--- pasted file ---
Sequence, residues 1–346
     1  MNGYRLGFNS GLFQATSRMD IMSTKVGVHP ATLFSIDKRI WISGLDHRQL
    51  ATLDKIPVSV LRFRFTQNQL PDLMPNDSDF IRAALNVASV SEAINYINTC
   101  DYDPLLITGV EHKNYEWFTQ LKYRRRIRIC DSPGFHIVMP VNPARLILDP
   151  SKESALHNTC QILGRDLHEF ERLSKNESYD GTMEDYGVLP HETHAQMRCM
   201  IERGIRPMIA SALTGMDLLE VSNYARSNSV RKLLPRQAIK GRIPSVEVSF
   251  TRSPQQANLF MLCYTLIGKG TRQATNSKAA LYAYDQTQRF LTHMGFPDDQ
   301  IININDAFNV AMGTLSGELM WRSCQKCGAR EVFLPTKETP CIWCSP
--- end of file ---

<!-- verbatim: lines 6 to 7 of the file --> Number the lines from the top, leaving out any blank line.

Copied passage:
   201  IERGIRPMIA SALTGMDLLE VSNYARSNSV RKLLPRQAIK GRIPSVEVSF
   251  TRSPQQANLF MLCYTLIGKG TRQATNSKAA LYAYDQTQRF LTHMGFPDDQ